If you ever need to deal with pests around the home, it’s best to use non-aerosol, low-toxicity products where possible. While there might need to be exceptions, try to make it the norm to stick to the low-toxicity solutions.

Separate your spaces

Because there are often toxic products and materials in your garage, as a rule, you should try to keep any internal doors between the garage and your home shut. This will keep the pollutants found in the garage sectioned off into one area and away from the spaces where you and your family spend most of their time.

Keep rubbish and compost at a distance 

And speaking of keeping areas sectioned off, it’s a good idea to keep any compost or rubbish bins away from your house, or at the very least away from windows and doors. The last thing you want is any bacterial or fungal spores from rubbish or compost making their way back into your home.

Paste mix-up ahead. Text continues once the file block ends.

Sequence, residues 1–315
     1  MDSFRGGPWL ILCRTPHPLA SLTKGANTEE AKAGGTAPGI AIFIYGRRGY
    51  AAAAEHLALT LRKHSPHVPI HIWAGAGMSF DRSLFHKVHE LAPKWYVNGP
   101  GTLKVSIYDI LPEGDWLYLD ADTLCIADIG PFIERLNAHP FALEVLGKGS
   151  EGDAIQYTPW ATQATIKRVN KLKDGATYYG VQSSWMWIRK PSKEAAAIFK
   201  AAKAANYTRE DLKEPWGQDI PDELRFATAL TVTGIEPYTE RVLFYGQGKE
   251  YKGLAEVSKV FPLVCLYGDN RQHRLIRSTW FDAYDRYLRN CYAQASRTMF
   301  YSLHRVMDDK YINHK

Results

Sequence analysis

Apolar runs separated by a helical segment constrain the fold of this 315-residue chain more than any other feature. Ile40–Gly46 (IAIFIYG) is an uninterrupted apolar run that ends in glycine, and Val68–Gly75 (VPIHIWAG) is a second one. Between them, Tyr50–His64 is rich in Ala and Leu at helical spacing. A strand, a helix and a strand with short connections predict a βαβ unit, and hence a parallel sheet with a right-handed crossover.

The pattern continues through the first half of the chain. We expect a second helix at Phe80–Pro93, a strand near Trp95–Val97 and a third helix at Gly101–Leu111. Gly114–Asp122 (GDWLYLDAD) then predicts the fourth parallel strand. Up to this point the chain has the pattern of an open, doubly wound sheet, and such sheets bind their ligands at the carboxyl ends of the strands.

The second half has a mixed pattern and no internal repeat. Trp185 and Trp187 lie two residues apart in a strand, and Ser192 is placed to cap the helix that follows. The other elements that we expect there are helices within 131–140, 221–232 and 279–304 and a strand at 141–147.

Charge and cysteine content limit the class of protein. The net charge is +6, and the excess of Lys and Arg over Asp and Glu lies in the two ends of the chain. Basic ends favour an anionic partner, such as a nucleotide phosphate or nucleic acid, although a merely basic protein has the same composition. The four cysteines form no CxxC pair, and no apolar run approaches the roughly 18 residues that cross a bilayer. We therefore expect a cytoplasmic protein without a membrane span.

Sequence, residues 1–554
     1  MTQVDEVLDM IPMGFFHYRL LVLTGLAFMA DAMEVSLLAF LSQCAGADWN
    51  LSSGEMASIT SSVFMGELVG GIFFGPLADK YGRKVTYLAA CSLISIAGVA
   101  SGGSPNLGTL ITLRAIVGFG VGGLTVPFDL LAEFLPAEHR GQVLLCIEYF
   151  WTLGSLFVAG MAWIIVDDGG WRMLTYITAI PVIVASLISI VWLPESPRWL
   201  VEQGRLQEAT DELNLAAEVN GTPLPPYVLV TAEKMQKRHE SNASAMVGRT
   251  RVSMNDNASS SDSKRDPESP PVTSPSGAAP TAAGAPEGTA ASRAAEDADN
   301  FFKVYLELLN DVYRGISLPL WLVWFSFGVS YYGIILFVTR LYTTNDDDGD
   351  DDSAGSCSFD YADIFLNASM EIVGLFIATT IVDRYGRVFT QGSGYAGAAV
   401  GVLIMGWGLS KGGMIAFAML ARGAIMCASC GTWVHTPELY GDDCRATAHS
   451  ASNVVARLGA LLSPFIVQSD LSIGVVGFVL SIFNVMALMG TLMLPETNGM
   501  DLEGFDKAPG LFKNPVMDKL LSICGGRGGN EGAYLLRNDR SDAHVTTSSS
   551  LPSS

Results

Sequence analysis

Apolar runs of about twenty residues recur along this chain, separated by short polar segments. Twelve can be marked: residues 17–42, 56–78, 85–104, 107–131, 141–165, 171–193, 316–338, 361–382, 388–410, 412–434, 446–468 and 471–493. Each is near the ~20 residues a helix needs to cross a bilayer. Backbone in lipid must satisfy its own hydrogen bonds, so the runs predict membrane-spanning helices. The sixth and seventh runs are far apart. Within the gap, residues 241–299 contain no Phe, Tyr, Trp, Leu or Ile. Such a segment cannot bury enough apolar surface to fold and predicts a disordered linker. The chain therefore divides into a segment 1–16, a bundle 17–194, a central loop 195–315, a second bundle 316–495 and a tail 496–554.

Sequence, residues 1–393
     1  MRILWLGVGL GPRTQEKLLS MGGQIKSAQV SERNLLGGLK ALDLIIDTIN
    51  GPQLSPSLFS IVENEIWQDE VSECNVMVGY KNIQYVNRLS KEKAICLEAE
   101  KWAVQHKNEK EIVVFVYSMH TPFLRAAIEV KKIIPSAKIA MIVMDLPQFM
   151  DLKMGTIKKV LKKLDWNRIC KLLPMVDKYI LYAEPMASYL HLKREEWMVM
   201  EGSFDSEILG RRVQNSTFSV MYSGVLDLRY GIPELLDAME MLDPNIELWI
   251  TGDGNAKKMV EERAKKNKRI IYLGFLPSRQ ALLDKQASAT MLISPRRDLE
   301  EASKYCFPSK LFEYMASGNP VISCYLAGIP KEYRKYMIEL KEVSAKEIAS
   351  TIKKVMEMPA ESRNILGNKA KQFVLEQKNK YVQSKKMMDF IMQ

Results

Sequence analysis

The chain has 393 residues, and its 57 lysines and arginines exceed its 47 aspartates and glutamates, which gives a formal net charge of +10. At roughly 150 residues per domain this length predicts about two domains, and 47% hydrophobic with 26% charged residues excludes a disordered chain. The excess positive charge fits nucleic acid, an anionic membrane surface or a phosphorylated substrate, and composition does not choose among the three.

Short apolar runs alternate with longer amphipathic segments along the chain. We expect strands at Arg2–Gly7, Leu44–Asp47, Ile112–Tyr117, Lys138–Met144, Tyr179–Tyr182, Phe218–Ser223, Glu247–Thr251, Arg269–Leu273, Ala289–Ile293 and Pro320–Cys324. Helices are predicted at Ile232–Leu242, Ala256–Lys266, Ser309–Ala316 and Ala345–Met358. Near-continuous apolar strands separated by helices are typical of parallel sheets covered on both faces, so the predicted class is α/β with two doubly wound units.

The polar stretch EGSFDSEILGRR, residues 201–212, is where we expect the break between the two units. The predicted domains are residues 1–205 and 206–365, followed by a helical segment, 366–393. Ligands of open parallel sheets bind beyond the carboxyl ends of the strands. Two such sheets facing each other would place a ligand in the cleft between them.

Revise your renovations 

If you plan to build a home or do any renovations, be sure that you or your builders use products and materials with either low or no likelihood of toxic emission. This can be achieved by purchasing pre-finished items, use water as the solvent, or are classed as having zero or low VOCs. You should also refer to the product’s material safety data sheet to check items’ safety.

Once the building has been completed you can minimise being exposed to poor air quality by not using the newly renovated room for one to two months. This may not always be easy to refrain from doing, but it is particularly recommended for rooms that would be used by a baby.

Cook with care

If your oven or stovetop uses gas, make sure that you always use a range hood or extraction fan when you cook. Burning gas puts moisture into your home, as well as releasing a lot of potentially harmful pollutants. By ventilating, the fumes from the gas have a quick way to escape and won’t get trapped indoors.

Invest in insulation 

And another way to avoid unwanted moisture being released into your home is by insulating your home. An insulated house will reduce condensation on windows, walls and ceilings that happens in cold temperatures. Condensation provides the perfect conditions for growing mould, which then releases spores into the air, so any attempt to rid your house of condensation is good news for air quality.